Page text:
Tag Archives: Austen men

Austen Men in My Life

Edward Ferrars

Jane Austen’s father, George Austen, was the rector of the Anglican parishes at Steventon and Deane. Though Mr. Austen came from a wealthy family of wool merchants, his branch eventually fell into poverty. He supplemented his family’s income by farming and taking in three or four boys at a time to teach.

By the accounts I’ve read, George Austen was an educated, hardworking man who enjoyed family discussions about politics and societal norms. He and his family debated amicably, and the atmosphere of his home was intellectually open and amusing.

Edward

Thinking of the clerics Jane wrote, I was struck by the negative portrayals of several of them. Mr. Collins and Mr. Elton leap to mind.

However, she wrote two clerics sympathetically: Edward Ferrars (Sense and Sensibility) and Henry Tilney (Northanger Abbey).

I grew up in church, I went to a religious college, and my husband, brother-in-law, and a nephew are all ministers, so I have known many “men of the cloth” very well.

One of them is a wonderful example of an Edward Ferrars.

Mr. Ferrars made a poor decision as a boy, but he was an honorable man. He committed himself to Lucy Steele. Though he fell in love with Elinor as a man and did not love Lucy, he stood by his original commitment. He tried to tell Elinor, but his sister thwarted him.

Edward Ferrars did not chase material wealth or self-importance. He was the heir of a fortune and could have served in Parliament, but he wanted a small country parish where he could make sermons and raise chickens.

He was gentle, thoughtful, and kind. He did not resent Lucy Steele or his brother when Miss Steele transferred her affections to Robert. He was happy for them, though Robert was free to marry the woman he chose, and he received Edward’s inheritance.

Edward chose to be happy in less than wonderful circumstances. “Not that I speak in respect of want: for I have learned, in whatsoever state I am, therewith to be content.” Philippians 4:11. I’m sure everyone has problems, but the important thing is how a person deals with the problems.

No one is perfect, but when I look at my nephew, I see a happy man who loves his life. He’s an excellent husband and father. He works hard in his ministry. He earned his doctorate in theology. He’s intelligent, fun to be around, inquisitive, and forward thinking. He isn’t stuck on himself. He loves people. He’s quite handsome, too, which a man should be if he possibly can manage it.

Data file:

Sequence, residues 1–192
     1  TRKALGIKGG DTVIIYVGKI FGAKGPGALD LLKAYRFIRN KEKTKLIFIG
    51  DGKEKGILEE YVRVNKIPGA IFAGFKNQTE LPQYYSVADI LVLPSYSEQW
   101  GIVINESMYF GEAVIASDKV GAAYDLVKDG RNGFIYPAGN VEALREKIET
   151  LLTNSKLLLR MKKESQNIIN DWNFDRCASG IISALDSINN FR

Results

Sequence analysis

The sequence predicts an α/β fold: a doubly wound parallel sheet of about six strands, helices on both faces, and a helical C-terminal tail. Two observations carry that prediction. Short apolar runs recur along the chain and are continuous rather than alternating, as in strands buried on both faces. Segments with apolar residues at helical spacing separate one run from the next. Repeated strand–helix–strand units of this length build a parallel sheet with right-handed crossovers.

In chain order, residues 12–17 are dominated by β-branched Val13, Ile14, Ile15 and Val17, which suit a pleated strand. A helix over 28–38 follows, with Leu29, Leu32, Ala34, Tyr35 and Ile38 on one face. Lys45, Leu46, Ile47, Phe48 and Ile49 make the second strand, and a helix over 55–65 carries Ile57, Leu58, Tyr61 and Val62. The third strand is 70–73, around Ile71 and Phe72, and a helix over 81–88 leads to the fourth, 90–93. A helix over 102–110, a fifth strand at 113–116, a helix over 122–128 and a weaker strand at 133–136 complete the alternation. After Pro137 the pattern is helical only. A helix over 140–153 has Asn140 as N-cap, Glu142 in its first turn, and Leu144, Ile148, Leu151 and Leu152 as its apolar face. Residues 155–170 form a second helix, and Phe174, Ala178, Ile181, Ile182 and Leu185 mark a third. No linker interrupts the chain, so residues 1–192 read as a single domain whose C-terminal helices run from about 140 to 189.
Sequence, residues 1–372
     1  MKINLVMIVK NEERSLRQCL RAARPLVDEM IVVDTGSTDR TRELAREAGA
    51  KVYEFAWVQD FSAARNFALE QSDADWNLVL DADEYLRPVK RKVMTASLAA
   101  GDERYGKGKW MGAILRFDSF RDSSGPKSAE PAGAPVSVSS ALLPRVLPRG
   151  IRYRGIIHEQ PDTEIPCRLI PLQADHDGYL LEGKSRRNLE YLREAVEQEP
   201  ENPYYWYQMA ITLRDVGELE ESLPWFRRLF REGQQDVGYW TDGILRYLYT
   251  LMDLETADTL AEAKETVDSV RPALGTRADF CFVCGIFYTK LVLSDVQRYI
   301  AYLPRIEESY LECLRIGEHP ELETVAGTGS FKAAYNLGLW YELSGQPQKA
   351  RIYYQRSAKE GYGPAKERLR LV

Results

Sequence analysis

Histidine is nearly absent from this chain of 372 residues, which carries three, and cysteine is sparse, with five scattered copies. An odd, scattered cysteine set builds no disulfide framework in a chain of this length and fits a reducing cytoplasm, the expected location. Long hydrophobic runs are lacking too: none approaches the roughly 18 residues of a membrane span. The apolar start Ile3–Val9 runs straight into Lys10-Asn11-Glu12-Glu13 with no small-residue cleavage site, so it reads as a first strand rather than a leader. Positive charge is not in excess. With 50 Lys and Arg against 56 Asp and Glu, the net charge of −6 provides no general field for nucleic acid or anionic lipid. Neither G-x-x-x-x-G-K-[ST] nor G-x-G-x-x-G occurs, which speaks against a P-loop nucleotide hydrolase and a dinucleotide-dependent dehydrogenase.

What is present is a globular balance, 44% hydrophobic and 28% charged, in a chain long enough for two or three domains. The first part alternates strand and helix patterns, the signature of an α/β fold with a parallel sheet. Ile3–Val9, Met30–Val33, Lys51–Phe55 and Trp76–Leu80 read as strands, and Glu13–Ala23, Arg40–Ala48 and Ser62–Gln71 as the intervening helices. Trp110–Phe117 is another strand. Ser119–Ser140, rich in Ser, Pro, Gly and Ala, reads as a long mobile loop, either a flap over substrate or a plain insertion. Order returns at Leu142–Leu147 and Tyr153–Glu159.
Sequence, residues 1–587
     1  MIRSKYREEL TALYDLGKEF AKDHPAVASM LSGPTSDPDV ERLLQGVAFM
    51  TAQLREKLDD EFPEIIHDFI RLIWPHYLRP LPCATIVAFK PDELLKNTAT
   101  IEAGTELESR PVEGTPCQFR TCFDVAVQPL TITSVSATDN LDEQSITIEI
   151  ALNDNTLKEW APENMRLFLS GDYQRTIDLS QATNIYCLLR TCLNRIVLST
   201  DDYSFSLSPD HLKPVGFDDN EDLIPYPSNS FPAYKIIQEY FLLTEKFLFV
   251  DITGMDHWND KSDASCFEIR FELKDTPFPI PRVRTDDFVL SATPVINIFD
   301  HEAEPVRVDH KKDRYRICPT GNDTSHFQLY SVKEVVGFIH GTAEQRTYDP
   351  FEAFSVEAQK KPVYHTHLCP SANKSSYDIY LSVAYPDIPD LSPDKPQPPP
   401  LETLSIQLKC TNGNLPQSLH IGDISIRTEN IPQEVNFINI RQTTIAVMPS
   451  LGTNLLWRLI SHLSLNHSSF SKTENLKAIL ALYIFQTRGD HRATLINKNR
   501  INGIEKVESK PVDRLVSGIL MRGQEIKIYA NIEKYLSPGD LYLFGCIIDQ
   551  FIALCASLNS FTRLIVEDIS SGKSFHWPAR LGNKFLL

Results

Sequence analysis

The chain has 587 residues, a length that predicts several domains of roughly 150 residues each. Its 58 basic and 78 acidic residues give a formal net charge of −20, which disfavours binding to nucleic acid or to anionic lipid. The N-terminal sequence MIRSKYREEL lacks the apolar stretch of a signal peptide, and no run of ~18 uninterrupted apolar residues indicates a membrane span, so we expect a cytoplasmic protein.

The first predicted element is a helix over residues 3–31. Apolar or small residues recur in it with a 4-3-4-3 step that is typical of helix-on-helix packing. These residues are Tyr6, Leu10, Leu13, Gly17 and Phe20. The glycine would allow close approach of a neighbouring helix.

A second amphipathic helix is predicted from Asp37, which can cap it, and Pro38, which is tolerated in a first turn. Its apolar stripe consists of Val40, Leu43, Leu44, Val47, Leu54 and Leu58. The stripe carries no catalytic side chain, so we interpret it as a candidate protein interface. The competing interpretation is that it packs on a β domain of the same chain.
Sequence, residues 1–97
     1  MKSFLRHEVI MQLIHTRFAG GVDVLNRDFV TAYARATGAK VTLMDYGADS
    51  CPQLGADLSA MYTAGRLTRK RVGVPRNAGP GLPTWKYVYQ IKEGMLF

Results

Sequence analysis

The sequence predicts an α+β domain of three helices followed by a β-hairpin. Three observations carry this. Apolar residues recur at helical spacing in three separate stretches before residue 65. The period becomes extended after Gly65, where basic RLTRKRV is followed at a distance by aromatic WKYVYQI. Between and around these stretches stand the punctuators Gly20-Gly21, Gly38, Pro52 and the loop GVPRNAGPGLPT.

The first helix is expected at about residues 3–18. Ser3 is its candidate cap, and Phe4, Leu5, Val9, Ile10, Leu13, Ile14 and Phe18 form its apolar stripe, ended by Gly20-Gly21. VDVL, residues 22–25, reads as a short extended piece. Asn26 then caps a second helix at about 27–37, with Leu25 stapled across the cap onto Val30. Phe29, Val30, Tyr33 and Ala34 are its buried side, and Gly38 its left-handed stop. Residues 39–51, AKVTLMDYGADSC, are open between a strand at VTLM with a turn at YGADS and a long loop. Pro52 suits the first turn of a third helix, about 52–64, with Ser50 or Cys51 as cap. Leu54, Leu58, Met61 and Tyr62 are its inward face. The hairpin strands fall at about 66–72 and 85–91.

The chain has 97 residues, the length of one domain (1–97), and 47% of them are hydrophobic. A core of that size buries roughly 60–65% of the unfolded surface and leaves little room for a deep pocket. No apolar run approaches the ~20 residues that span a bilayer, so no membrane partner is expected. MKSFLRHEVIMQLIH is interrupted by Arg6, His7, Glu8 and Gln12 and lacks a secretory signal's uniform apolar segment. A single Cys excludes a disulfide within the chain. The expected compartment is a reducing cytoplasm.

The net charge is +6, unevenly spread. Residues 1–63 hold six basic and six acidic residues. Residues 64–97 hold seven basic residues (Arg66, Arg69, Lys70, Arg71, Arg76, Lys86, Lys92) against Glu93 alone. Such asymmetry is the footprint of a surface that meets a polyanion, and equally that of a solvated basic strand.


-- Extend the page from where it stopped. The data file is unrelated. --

I enjoy following him on social media, for he’s always upbeat, encouraging everyone around him. At family gatherings I try to make time to talk with him, because he uplifts me without even knowing it.

I taught my nephew when he was in the sixth grade. Now he’s teaching me.

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Austen Men in My Life

Charles Bingley

Writers borrow from their own lives when they construct their characters and circumstances. I am at my most realistic when I insert a scene or person from my own life into the story, for I can feel the emotions and describe the events very well, especially if I was experiencing strong feelings when I lived it.

Austen men

Yesterday, I was thinking of that and of the very different Darcys Laura Hile and I have written. Her Darcys are playful. They banter with cheerful Elizabeth. My Darcys are kind and courteous, but they brood. They’re moody, and Elizabeth is by turns angry, sad, happy – she’s all over the place. Like me.

I have been told that I’m dramatic. I might be.

Anyhow, I now realize that I’ve combined Austen’s characters with bits and pieces of people I’ve known throughout my life. As I processed that epiphany, I began to think of the men (and boys) I’ve known and how bits and pieces of them have made it into my characters. I knew all of them well. Some of them were classmates, some were casual dates, some were/are friends or relatives, some were boyfriends, and one is my husband.

In fact, I have known all of the Austen men. Let that sink in. I was able to think through Austen’s characters and select the man I know/knew who fit that character. I knew Darcys, Bingleys, Hursts, Wickhams, Collinses, Edwards, Toms, Brandons, Wentworths, Tilneys, Knightleys, Churchills, Mr. Bennets, – all of them.

My first boyfriend was definitely a Bingley – sweet, kind, cheerful, well-liked, lovable, unfailingly polite, popular, and courteous. I dated him for three years and never heard a cross word from him, though I’m certain he heard a few from me. Unlike Austen’s Bingley, he was very intelligent and spiritual. I think that’s why my Bingleys are always smarter and more capable than the Austen original.

Is there a Bingley in your past?

For the next few months, I plan to trace Austen’s characters, male and female (yes, I knew those, too) through my life. Please feel free to join me.